One major communications provider recently worked with a procurement strategy consultant to conduct a trial run of this new, collaborative process.
The results were extraordinary: By streamlining the supply chain through standardization, the company was able to drive the following outcomes across three critical areas:
As noted earlier, a reduction in costs does not translate into a “race to the bottom” in terms of quality; in fact, the opposite is usually true. Quality is higher because Engineering is directly involved in setting the standards, and of course there are cost advantages to buying in greater volumes. Standardizing from three materials to one means that the “highest quality” material can be selected and that the resulting leverage will still enable a lower price per unit than the three materials being purchased separately.
More buying leverage creates economies of scale
Volume-based discounts can be achieved by consolidating the order quantity to a single supplier.
Less complexity helps streamline procurement
Well-defined SKUs and fewer suppliers make the procurement process more efficient and free up time to focus on value-added supplier relationships.
Fewer SKUs helps manage inventory and maintain quality control
A decrease in the number of SKUs enables lower inventory, easier inventory management, and improvements in product quality.
A better relationship between Sourcing and Engineering helps streamline workflow
With standardized and clear technical specifications, communication between Sourcing and Engineering becomes clearer.
A sourcing solution that employs standardization is only as effective as the data that drives it. Without accurate, comprehensive, functional information about each SKU, it would be impossible to reap the full benefits of standardization. Here are five important considerations to keep in mind:
Standardization is not a one-off project. It’s not commodity-specific. It’s an ongoing change to the way sourcing is being done across the entire supply chain — a change for the better, for everyone. By gaining the support of Engineering, getting it involved at the outset, and enabling it to drive the standardization decisions, you help ensure the process is embraced and continues to be employed.
Have a complete list of all SKUs by category, application and quantity. Identify SKUs with multiple suppliers and similar technical specifications, check for any differences in their pricing and order quantity, and evaluate the potential savings after consolidation.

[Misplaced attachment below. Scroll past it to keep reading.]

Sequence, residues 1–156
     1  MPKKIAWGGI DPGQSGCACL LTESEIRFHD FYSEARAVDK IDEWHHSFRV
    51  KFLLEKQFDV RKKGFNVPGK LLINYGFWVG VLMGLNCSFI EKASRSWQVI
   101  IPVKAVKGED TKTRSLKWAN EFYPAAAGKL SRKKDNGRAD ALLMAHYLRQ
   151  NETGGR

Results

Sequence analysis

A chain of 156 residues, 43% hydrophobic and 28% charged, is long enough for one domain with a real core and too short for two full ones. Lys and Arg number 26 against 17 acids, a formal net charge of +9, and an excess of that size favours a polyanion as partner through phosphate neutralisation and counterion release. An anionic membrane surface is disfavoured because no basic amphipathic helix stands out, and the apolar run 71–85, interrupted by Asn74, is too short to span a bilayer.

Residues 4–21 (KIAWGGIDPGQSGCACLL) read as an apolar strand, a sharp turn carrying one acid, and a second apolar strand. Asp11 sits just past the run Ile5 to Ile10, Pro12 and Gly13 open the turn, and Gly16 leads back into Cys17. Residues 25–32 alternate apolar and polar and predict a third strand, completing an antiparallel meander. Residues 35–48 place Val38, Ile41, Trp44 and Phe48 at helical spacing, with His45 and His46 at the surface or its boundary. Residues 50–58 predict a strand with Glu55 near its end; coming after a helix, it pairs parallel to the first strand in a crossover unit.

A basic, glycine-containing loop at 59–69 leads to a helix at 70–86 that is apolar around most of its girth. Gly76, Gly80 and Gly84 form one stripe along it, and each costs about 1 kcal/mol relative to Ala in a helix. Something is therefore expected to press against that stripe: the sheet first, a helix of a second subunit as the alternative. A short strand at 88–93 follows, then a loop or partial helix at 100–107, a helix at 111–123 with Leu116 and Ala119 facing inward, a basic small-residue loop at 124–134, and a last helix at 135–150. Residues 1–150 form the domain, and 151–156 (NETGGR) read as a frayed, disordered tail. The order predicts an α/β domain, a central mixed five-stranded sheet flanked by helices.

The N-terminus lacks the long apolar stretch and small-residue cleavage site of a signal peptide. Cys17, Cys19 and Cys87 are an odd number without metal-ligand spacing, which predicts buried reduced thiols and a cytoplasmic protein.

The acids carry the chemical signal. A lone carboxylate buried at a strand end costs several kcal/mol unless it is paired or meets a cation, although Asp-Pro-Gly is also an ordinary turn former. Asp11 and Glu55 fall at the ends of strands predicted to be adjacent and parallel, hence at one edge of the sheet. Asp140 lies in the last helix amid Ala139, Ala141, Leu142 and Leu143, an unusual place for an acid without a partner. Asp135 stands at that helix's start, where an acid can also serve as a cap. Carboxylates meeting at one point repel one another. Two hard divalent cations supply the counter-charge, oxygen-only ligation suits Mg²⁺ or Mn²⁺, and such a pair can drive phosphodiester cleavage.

Engineering drives the standardization decisions, while Sourcing facilitates the estimated cost savings under different scenarios.
A detailed analysis of technical and functional aspects of each item is required to determine the feasibility of standardization. This requires engineering expertise. Often, detailed specifications of products are not always available, so ensure you have a clear set of description criteria for each item in each category.
This helps inform any bidding process initiated by procurement to suppliers. They can then be invited to submit pricing proposals that can be assessed more accurately, enabling procurement to either renew old contracts or develop new ones.
Yes, a complete transformation of the relationship between Sourcing and Engineering is the ultimate goal, but don’t try to do it all at once. Begin instead with a set of commodities that are related, starting with simpler ones first. By performing the rollout incrementally by category, you can help ensure continued success, starting with the ability to source higher- quality items that will be used universally.
It’s important to emphasize that Sourcing and Engineering must work in concert to help ensure standardization is implemented successfully. With a common set of goals in place, Sourcing and Engineering can have a productive relationship that will help drive business performance for communications enterprises in measurable, mutually beneficial ways.